Lenore McComas Coberly comes from a long line of poetry lovers.
Lenore McComas Coberly’s new book of poems, For I Am Mountainborn, is simple, gentle and profound.
Coberly, now 90, has lived in Madison since 1964, but her book begins in the West Virginia mountains on Big Ugly Creek, where she spent much of her childhood in the 1920s and ’30s. She grew up hearing the music of the creek and her family’s stories of hardship and old medicine.
“My Grandpa Hager feared I wouldn’t survive when I was born, so he sent for Grandma McComas, who was Cherokee,” says Coberly, sitting in her sunlit kitchen. “She strapped me to her chest for five days and five nights so I could feel her heartbeat.”
Coberly’s poems have appeared in prestigious journals, anthologies and many newspapers, including Isthmus. She has also published other books of poetry and fiction, including my favorite, Sarah’s Girls: A Chronicle of Big Ugly Creek. She comes from a long line of poetry lovers, beginning with her mother, Ida Hager McComas, who loved the works of Edgar Allan Poe. Coberly says her Northern Baptist upbringing also stressed poetry through hymns and the King James Bible.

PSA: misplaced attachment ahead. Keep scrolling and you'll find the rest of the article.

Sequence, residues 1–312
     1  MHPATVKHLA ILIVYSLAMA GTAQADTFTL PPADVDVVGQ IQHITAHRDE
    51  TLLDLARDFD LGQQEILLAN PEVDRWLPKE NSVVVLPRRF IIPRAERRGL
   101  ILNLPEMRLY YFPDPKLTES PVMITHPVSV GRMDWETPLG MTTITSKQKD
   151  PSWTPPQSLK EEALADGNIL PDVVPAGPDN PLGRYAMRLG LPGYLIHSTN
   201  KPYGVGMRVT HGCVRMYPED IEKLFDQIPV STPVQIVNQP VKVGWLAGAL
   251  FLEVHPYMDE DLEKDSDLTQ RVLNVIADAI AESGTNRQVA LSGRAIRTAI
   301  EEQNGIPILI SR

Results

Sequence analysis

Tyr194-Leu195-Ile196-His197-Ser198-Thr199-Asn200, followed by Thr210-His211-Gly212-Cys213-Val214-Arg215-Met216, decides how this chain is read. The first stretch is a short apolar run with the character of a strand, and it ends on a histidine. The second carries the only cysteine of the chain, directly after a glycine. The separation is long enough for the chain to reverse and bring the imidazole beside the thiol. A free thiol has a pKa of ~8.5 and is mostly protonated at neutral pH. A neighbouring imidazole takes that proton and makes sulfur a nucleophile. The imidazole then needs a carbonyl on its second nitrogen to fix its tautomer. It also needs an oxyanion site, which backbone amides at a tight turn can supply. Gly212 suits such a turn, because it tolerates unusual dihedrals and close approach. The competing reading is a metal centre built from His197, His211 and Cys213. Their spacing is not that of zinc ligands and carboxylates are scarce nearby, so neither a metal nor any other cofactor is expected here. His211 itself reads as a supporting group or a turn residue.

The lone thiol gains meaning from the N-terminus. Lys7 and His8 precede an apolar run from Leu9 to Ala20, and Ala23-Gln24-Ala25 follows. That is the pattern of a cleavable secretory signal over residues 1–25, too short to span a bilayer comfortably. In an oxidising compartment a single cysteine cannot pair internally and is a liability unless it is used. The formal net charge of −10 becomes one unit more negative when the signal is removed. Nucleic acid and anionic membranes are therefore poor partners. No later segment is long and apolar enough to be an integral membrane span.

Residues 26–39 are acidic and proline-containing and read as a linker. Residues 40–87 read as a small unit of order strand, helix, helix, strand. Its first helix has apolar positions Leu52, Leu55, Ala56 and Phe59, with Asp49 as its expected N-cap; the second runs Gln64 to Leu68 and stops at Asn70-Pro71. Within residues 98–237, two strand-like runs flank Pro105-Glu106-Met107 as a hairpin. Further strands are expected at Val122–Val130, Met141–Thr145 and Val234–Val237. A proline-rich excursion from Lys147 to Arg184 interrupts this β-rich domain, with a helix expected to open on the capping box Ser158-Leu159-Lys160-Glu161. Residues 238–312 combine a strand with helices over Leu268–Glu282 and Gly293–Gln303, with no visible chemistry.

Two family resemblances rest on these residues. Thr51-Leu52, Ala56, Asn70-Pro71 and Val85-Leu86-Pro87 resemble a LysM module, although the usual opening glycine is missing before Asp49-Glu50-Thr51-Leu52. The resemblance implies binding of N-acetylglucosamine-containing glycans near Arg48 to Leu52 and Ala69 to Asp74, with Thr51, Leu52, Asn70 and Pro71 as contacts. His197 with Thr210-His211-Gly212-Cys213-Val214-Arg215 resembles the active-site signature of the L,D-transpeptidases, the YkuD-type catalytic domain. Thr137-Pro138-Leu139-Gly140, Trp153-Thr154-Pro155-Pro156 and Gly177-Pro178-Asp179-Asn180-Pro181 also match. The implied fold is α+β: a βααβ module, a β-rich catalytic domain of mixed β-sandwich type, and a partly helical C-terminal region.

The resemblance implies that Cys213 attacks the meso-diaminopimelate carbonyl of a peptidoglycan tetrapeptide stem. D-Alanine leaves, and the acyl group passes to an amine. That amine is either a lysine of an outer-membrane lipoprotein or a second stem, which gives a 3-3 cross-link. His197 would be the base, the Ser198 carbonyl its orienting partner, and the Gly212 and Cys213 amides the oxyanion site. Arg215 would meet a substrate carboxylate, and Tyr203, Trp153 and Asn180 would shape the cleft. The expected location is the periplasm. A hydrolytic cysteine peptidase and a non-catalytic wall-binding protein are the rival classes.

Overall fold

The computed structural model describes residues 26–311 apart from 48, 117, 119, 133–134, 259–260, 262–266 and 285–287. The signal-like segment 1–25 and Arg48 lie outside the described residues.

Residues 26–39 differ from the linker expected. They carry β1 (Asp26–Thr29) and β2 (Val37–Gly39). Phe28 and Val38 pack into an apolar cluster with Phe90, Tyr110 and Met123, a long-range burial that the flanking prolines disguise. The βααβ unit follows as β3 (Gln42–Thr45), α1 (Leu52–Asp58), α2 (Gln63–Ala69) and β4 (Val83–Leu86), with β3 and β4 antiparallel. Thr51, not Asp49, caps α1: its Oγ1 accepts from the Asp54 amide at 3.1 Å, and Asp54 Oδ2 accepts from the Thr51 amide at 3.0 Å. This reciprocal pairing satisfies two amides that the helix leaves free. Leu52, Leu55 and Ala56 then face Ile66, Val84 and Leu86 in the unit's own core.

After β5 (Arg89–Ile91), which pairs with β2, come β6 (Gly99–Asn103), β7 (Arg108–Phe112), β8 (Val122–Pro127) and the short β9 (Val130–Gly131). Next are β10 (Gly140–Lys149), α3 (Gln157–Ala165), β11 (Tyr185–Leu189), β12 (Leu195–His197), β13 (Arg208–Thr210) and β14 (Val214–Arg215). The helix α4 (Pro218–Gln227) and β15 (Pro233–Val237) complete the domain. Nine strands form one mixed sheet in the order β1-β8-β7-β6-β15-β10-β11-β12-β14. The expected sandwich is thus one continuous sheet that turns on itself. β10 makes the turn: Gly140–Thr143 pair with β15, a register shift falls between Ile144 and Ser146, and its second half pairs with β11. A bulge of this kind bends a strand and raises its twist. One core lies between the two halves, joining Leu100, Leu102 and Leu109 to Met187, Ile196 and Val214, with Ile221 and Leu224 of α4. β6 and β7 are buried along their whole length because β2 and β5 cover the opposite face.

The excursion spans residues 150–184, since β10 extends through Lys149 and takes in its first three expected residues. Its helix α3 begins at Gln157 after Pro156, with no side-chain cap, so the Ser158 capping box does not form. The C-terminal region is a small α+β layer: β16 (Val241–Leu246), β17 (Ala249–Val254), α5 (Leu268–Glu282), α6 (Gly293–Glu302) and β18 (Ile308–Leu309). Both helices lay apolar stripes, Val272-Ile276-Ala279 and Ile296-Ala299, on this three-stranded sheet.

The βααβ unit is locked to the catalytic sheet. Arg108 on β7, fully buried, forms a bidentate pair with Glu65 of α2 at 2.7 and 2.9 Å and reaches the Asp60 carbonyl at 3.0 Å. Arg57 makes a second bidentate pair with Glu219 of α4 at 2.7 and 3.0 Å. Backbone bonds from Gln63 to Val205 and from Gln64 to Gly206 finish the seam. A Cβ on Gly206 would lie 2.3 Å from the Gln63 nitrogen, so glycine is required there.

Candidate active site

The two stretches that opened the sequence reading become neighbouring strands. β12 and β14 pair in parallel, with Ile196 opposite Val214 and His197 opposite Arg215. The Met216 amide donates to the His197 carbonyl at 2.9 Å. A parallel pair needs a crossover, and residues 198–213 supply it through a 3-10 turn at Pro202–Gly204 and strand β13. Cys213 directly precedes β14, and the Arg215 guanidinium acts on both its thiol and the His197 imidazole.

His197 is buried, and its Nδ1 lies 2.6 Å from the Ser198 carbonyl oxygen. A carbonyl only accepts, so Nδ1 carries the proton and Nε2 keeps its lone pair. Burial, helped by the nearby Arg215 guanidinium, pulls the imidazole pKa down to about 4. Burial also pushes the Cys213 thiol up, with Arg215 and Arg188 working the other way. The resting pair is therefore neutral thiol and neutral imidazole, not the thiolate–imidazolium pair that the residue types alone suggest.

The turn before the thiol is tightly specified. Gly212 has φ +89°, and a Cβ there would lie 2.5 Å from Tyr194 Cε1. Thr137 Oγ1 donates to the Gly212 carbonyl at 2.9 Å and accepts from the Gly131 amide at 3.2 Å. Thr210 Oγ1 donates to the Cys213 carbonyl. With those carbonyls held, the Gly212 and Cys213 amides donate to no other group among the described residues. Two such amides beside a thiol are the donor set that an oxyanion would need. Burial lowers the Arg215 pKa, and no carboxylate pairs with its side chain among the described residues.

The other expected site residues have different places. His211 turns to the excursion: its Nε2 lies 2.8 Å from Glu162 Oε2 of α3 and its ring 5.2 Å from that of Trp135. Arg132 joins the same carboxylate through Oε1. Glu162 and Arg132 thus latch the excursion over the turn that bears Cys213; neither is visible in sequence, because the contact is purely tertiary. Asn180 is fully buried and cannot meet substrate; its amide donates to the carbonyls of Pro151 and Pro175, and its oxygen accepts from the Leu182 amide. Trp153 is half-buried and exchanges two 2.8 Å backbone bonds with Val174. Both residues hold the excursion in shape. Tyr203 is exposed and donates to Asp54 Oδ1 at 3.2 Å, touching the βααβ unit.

With such a diverse literary background, it’s no wonder that Coberly is a poet of stature. In the 1970s, she was president of the Wisconsin Fellowship of Poets and started its sponsorship of the Wisconsin Poets’ Calendar. Despite her many accomplishments, she is soft-spoken and humble.
While the spirit of Appalachia flows through Mountainborn, it is not Appalachia-centric. Poems cover vast territories — Indonesia, the Philippines, China — places she visited with her late husband, Camden Coberly. He was a professor of chemical engineering at the UW-Madison from 1964 to 1992, when he retired to emeritus status. Mountainborn is dedicated to him and the people they loved.
In “Late Summer in Wisconsin,” Coberly uses vibrant imagery and subtle rhythms.
Further on, blue asters wink
yellow eyes against
a sun-brightened bank of stone. . . .
I am struck by her strong sense of place and understanding of what makes us human. She reminds me of other American poets, such as Fred Chappell and Wendell Berry, who share Coberly’s concern about mountaintop removal, a contentious coal mining practice in Appalachia. In “Glory” she writes:
The creek is smaller now,
its tributaries choked by falling debris
from mining that promises coal and jobs.
Fracking is next for gas and jobs. . . .
Glory is everywhere
but not forever.
Big Ugly Creek was both beautiful and difficult, secluded and wild. But her experiences there gave her insight into faraway places. The final poem, “Changsha,” takes place in China, where Coberly sees a man struggling to pull a cart on steep roads surrounded by honking cars and modernity.
I think I know this place,
for I am mountainborn.
Lenore McComas Coberly will read selections from For I Am Mountainborn at Arcadia Books in Spring Green on Sunday, April 26, at 3 p.m.